Nampak CEO André de Ruyter. Picture: SUPPLIED
Nampak CEO André de Ruyter. Picture: SUPPLIED

Nampak CEO André de Ruyter talks to Business Day TV about the latest results from the packaging group and how it’s dealing with a weak economy and forex issues in Nigeria and Angola

BUSINESS DAY TV: Despite an 8% rise in first-half earnings Nampak is still holding back on paying a dividend. The company says that in view of current risks and challenges, it would rather focus on efforts to conserve cash. Joining us for more detail on that is CEO André de Ruyter.

André, so dividend or no dividend the market really liking your numbers today pushing your shares 15% higher, what was the catalyst for that?

ANDRÉ DE RUYTER: The major catalyst was first of all net profit up 41%, so that’s a reasonable number, a reasonable performance but the major news as far as we are concerned is that we were able to demonstrate to the market that we have commitments from a major commercial bank in SA to make available to us $54m from Nigeria. So we are finally able to extract meaningful amounts of money from Nigeria.

BDTV: Extracting meaningful amounts, how much is left to go and how much improved a relationship are we looking at between a company like Nampak and the Nigerian government?

ADR: It’s not so much dependant on the Nigerian government but on the foreign exchange regime. So what has happened in Nigeria is that the central bank has introduced a new exchange rate called the Nafex, which is the Nigerian autonomous foreign-exchange rate and that allows parties to transact at a market clearing rate. And that has unlocked significant liquidity, and as a consequence of that we have been able to do a number of transactions that will allow us to repatriate out of Nigeria an amount of about R700m before financial year-end.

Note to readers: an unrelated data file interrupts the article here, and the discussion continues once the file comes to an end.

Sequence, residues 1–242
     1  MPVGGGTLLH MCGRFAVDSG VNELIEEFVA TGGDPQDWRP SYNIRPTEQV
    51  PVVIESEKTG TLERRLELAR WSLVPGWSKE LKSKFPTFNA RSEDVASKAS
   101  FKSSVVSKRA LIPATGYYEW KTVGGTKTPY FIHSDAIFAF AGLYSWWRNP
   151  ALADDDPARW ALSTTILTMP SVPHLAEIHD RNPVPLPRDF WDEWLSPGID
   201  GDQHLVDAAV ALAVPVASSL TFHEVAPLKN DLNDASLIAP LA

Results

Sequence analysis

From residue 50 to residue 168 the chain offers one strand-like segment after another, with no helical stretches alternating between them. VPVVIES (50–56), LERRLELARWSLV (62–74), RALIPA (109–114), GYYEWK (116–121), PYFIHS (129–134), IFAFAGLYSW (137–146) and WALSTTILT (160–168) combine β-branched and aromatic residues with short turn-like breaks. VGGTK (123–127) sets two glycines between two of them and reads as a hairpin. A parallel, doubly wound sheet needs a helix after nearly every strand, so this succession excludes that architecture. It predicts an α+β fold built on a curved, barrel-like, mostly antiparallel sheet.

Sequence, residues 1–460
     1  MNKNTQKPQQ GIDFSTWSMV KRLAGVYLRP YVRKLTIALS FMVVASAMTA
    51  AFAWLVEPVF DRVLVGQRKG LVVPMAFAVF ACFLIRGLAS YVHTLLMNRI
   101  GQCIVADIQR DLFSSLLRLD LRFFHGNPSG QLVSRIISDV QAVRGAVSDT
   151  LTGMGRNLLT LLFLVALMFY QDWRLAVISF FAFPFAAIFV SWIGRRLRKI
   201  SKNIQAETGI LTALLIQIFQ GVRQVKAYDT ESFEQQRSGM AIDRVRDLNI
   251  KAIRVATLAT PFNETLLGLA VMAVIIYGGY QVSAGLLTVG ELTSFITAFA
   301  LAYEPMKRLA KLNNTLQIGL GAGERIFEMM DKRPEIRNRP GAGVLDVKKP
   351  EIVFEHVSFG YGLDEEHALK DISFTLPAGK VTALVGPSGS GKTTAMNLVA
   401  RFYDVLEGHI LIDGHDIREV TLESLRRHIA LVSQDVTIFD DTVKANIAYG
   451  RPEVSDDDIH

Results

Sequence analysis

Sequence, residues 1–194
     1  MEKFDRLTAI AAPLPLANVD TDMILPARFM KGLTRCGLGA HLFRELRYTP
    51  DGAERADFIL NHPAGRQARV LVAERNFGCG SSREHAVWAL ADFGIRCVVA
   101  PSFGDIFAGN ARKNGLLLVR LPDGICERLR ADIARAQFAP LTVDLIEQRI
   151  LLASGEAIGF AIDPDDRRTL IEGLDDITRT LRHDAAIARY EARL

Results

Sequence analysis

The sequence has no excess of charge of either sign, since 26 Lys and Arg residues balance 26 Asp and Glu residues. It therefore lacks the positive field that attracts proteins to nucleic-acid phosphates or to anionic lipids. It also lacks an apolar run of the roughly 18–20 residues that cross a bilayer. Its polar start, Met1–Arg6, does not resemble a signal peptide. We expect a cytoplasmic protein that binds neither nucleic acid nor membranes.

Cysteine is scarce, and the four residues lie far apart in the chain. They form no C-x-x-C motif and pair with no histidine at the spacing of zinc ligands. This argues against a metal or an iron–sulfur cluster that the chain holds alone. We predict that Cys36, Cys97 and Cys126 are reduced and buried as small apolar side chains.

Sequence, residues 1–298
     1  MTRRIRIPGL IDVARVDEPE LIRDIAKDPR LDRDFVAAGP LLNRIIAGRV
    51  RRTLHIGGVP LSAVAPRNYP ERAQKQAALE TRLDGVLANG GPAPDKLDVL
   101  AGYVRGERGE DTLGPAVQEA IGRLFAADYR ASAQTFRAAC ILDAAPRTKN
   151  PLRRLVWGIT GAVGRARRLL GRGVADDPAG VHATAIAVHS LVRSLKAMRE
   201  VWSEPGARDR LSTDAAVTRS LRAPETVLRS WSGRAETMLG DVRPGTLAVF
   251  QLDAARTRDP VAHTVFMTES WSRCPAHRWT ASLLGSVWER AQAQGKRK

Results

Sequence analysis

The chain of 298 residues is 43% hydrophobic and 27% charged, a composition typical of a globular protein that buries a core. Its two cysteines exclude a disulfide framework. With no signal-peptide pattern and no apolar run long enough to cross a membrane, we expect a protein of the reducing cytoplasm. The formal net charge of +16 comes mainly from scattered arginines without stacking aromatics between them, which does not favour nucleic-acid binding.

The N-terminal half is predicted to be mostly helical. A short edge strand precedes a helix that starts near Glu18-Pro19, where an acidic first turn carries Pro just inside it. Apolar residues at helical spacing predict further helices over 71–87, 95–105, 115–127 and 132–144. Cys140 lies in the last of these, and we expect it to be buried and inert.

BDTV: Apart from this development you’ve also seen a turnaround in operations in Nigeria and you’re say in the results, record sales of beverage cans in Angola, so it looks like things have worked in your favour in the first half of the year?

ADR: Yes, the key story about Africa is that one has got to have patience and you’ve got to have perseverance and resilience. People very often forget that the oil price dropped to the mid $20s not too long ago and it’s recovered to north of $50. So for countries like Angola and Nigeria the inflow of dollars into those economies have been very meaningful in restoring liquidity, and those effects are now coming through. We still believe that the African consumer is the play for the future, we’re certainly backed up by the biggest brewer in the world, AB InBev who support that view and we’re very happy to concur with them.

BDTV: And also a lot of focus on your growth strategy and that’s something that you’ve got to have, a clear growth strategy going into a territory like rest of Africa, how far into that strategy are you at this stage?

ADR: I think at this stage we would like to invest more into Angola. We’ve also announced today that we are going to invest an additional $23m into converting an existing tin plate beverage can line into an aluminium line, this will add about 300-million cans of capacity in that market, we are effectively sold out in that market, so we think that there are significant opportunities for us in that country to expand our growth even further.

BDTV: While you’re investing in Angola you’re also being quite prudent with capital — have you finished with your Capex programme in SA? Is everything where you’d like to see it?